Brian Williams passing over a network anchor

Monica Schipper/Getty Images Seven years after being relieved of his duties as anchor of the NBC Nightly News , Brian Williams was re...

Brian Williams leaves NBC

Monica Schipper/Getty Images

Seven years after being relieved of his duties as anchor of the NBC Nightly News, Brian Williams was reportedly offered another opportunity to host an evening newscast, this time for CBS. But he apparently isn’t interested. And given today’s news media ecosystem, in which hyper-partisan “analysis” has exponentially more influence than traditional journalism… who can blame it?

According to a CNN report Olivier DarcyWilliams has been approached twice for the position currently held by Norah O’Donnell. Darcy writing:

According to sources I spoke with, CBS News President and Co-Head Neeraj Khemlani recently attempted to recruit Williams for the network’s flagship evening news program. Two of the sources I spoke with said Khemlani, who took office less than a year ago and worked to poach talent, tried at least twice. But it didn’t help.

Williams, people I spoke to said, is simply uninterested in the evening news job – which speaks volumes not only about Williams’ turn of fortune, but also about the waning appeal to anchor an evening news program, once envisioned to be one of journalism’s most prestigious jobs.

CBS News’ current stance aside — and any internal drama possibly at play — the idea that anyone would turn down a news anchor on the network would be laughable not too long ago.

But it’s clear that Brian Williams doesn’t want to become the next Jeff Glor. Oh, you don’t know that name? He was the Once CBS Evening News host who was replaced by O’Donnell. He now continues to live in relative anonymity despite an impressive career, journalistic good faith and such a prestigious position.

And that is precisely the problem: the direct reporting of the Big Three nightly news programs wields only a fraction of the influence boasted by the partisan opinion pumped by the Big Three cable news networks – including including MSNBC, which Williams just left.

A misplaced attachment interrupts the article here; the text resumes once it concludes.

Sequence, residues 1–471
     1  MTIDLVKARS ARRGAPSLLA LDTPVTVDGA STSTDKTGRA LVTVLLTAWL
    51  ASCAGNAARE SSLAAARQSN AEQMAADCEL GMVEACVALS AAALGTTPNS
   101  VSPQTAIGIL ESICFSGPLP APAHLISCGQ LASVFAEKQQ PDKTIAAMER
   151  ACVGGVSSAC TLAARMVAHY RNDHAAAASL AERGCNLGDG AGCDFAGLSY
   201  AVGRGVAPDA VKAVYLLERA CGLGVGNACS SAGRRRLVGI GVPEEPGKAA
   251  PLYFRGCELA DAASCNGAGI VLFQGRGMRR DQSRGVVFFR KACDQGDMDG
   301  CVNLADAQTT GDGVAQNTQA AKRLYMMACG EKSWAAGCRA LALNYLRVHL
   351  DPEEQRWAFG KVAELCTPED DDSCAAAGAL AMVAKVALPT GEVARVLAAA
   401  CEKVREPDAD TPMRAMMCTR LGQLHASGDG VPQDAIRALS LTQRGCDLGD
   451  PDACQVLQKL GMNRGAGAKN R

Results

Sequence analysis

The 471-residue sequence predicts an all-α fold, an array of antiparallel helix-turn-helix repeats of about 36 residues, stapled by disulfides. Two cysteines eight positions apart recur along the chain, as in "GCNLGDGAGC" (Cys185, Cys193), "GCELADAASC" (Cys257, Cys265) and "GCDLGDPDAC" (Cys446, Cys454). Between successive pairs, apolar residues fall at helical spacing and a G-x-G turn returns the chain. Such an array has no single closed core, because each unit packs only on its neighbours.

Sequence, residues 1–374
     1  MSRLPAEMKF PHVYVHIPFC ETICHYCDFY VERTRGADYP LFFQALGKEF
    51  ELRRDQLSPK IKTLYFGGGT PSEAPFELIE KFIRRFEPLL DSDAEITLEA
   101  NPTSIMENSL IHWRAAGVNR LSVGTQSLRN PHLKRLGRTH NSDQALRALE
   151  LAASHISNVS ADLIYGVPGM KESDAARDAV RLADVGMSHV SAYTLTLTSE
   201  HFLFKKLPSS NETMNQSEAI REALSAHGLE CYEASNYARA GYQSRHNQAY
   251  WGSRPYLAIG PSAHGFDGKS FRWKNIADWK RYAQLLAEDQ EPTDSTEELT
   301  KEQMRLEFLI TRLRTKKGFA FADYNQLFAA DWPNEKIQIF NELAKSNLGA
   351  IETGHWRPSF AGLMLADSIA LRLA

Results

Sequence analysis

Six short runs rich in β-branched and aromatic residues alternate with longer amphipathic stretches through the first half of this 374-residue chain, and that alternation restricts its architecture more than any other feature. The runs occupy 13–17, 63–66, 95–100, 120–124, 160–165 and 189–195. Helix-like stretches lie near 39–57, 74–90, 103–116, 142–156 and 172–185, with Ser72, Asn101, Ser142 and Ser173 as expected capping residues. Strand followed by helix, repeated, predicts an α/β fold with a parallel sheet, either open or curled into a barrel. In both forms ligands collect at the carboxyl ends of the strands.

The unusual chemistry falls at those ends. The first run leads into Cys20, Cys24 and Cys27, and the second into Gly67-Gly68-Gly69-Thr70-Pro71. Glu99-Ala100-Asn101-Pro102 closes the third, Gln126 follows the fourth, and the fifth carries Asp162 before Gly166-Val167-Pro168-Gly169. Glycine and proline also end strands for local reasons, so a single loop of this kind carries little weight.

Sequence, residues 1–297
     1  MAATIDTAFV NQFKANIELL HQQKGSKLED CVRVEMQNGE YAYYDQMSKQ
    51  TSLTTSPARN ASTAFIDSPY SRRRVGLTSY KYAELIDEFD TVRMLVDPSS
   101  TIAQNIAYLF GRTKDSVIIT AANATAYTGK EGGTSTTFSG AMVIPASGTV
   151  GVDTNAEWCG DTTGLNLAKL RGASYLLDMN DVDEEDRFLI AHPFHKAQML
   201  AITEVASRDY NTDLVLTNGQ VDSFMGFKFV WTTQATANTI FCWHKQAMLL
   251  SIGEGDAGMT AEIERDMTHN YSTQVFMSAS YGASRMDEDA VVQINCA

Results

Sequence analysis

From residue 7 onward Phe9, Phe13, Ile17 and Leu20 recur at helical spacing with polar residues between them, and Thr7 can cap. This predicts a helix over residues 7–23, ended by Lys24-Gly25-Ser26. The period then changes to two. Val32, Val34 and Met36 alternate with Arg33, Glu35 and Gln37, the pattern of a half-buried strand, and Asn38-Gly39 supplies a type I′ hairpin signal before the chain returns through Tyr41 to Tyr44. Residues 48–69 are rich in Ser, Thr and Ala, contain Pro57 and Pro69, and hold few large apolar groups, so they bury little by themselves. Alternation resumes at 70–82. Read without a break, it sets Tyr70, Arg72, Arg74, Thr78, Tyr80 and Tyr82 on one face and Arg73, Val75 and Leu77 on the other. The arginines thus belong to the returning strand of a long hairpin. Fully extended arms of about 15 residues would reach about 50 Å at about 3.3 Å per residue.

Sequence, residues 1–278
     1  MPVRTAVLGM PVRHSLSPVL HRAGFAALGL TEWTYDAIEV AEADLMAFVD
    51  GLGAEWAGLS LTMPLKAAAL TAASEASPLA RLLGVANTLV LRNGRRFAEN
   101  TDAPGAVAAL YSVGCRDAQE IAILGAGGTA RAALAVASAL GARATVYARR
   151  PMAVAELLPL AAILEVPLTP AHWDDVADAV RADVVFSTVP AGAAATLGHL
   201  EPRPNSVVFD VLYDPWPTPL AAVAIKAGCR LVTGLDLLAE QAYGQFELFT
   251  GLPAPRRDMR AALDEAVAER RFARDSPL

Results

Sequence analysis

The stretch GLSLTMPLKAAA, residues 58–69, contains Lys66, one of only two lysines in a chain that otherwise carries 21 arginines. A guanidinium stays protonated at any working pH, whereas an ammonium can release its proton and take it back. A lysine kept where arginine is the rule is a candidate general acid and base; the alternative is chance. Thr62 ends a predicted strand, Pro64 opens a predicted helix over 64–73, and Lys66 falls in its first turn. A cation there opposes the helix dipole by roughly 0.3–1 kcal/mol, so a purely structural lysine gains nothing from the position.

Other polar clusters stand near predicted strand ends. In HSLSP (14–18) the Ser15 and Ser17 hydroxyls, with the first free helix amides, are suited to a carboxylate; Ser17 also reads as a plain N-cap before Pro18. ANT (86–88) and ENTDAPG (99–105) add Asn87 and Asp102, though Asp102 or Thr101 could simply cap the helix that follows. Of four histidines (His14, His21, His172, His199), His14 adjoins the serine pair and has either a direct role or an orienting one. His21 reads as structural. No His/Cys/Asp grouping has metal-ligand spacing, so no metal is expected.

Yes, the network’s evening news anchors always draw far more viewers than Tucker-Carlson Where Rachel Maddow. But if an elected official wants to make “news,” speak directly to a like-minded constituency, or get noticed by the press, their first choice is cable, not network news.

For older Mediaite readers, the idea that the president of the network’s news anchor is a seat less valuable than a cable news hosting chair may seem absurd. I remember a time when many American households identified themselves with the network news program they were watching. (For the record, I grew up in a Walter Cronkite house, but we moved to a Pierre Jennings home after retirement.)

Cronkite is still considered the gold standard for broadcast journalism, and his “analysis” of the Vietnam War probably changed the hearts and minds of many Americans as much as any protest march or concert. But that was a different era in news reporting, when there was only half an hour of television news, instead of a constant stream of digital news and cable news analysis 24 24 hours.

When huge news was happening in the 70s and 80s, people tuned into network news. I vividly remember watching ABC Frank Reynolds live report in wall to wall coverage of the attempted assassination of the president Ronald Reagan.

Consider what’s happening right now when massive news happens today, whether it’s a school shooting, an impeachment trial, or even perhaps an international war.

On stories like these, Americans don’t turn to David Muir the way they did Cronkite, or Jennings, or Tom Brokawa. Now it’s cable stars like Fox News Bret Bayer or CNN Wolf Blitzer which are more likely to capture a larger share of the most avid viewers.

Brian Williams is a very entertaining host whose turn hosts the 11th hour on MSNBC was smart, funny and informative. It was an opinion show, like almost every other prime-time show on cable (although some shows push the boundaries of opinion and truth more than others).

Think of the last time a network news show created content that rocked the nation. It was likely by Lester Holt interview with former president donald trump who revealed why he fired the FBI director James Comey. That was over four years ago. Network news is in a pretty big slump.

It could be that Williams doesn’t want to return to this world because he knows he can be much more influential elsewhere. And that says more about today’s political infotainment ecosystem than almost anything else.

This is an opinion piece. The opinions expressed in this article are the sole responsibility of the author.

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Newsrust - US Top News: Brian Williams passing over a network anchor
Brian Williams passing over a network anchor
Newsrust - US Top News
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